Why did everything we need in order to exist come into being? How was all of this possible without some latent outside power to orchestrate the precise dance of elementary particles required for the creation of all the essentials of life? The great British mathematician Roger Penrose has calculated&mdashbased on only one of the hundreds of parameters of the physical universe&mdashthat the probability of the emergence of a life-giving cosmos was 1 divided by 10, raised to the power 10, and again raised to the power of 123. This is a number as close to zero as anyone has ever imagined. (The probability is much, much smaller than that of winning the Mega Millions jackpot for more days than the universe has been in existence.)

The scientific atheists have scrambled to explain this troubling mystery by suggesting the existence of a multiverse&mdashan infinite set of universes, each with its own parameters. In some universes, the conditions are wrong for life however, by the sheer size of this putative multiverse, there must be a universe where everything is right. But if it takes an immense power of nature to create one universe, then how much more powerful would that force have to be in order to create infinitely many universes? So the purely hypothetical multiverse does not solve the problem of God. The incredible fine-tuning of the universe presents the most powerful argument for the existence of an immanent creative entity we may well call God. Lacking convincing scientific evidence to the contrary, such a power may be necessary to force all the parameters we need for our existence&mdashcosmological, physical, chemical, biological and cognitive&mdashto be what they are.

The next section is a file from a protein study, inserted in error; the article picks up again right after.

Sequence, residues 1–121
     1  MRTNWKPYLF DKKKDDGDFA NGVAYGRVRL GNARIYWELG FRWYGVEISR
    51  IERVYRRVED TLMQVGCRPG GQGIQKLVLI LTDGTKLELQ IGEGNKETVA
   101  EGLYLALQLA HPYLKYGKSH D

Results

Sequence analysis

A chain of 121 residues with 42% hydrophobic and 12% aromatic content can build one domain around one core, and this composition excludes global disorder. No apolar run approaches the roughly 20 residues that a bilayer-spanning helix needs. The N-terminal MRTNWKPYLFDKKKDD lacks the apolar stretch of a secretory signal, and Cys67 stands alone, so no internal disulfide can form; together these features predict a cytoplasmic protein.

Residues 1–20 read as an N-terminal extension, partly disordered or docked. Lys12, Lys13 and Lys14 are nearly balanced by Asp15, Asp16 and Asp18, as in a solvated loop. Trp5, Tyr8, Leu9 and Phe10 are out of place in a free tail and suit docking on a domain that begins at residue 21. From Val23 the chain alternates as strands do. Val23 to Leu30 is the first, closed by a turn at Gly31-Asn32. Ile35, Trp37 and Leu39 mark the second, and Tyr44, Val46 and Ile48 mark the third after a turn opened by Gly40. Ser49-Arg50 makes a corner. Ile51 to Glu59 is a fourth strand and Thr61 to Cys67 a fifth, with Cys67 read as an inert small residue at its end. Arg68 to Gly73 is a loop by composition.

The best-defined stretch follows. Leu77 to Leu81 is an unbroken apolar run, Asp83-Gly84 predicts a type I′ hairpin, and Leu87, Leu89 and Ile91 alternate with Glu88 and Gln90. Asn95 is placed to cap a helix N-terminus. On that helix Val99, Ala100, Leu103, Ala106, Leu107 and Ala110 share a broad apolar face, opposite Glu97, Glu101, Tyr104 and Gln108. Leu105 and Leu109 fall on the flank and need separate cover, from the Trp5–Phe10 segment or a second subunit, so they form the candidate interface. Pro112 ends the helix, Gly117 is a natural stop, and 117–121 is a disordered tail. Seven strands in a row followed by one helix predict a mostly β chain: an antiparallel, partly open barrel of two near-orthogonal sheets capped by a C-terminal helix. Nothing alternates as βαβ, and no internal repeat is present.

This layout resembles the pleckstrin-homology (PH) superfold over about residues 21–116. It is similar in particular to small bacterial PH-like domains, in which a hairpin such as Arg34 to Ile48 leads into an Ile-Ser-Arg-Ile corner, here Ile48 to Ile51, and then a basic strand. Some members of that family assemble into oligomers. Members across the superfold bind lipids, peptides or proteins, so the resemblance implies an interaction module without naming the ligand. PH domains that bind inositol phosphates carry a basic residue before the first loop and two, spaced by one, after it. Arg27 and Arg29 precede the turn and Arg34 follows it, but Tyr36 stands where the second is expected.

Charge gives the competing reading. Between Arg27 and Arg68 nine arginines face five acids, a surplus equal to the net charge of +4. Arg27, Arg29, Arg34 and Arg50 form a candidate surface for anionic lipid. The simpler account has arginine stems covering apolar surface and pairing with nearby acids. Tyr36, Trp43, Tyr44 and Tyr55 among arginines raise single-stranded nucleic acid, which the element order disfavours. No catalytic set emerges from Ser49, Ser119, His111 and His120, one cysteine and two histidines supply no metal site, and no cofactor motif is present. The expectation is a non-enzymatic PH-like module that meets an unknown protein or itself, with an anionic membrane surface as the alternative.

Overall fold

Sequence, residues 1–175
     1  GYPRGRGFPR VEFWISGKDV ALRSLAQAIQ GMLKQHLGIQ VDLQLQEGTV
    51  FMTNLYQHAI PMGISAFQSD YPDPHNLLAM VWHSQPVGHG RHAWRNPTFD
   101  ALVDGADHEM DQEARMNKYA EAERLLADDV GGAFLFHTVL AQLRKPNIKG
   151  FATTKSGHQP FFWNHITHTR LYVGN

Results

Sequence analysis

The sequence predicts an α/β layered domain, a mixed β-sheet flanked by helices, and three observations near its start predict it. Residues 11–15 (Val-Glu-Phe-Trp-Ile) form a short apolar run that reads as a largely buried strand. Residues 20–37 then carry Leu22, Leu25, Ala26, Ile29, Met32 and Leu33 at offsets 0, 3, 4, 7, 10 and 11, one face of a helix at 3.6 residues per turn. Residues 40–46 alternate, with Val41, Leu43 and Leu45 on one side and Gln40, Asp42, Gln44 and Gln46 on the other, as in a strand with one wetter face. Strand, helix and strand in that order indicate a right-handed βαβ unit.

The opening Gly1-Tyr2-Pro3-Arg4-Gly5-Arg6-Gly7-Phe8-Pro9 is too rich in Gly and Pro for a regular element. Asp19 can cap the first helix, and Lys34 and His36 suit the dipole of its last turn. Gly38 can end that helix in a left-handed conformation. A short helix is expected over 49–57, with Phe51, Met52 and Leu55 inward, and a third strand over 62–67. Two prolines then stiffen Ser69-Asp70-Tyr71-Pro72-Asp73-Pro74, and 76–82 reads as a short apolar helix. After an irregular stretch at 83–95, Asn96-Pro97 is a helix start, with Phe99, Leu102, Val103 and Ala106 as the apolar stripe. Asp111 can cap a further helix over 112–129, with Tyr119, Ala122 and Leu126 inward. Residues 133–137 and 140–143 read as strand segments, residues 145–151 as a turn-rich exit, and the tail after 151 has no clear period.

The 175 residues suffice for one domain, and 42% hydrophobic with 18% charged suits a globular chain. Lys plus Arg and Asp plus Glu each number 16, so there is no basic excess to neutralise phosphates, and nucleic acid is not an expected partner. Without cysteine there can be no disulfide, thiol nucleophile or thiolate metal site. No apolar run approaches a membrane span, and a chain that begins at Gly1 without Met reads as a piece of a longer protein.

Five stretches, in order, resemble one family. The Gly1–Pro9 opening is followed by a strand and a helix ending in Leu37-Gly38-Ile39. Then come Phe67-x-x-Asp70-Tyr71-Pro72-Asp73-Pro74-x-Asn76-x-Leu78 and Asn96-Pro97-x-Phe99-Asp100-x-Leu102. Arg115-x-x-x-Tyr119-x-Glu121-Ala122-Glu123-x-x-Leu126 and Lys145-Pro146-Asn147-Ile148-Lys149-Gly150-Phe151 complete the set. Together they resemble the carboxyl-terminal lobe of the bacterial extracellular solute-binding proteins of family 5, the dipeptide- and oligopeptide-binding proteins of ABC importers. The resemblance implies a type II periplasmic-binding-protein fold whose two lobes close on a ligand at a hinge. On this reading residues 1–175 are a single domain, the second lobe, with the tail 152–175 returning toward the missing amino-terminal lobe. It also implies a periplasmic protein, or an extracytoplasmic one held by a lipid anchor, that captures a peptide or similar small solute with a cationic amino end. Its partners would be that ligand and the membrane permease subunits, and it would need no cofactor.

Science and religion are two sides of the same deep human impulse to understand the world, to know our place in it, and to marvel at the wonder of life and the infinite cosmos we are surrounded by. Let&rsquos keep them that way, and not let one attempt to usurp the role of the other.



Comments:

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  5. Woudman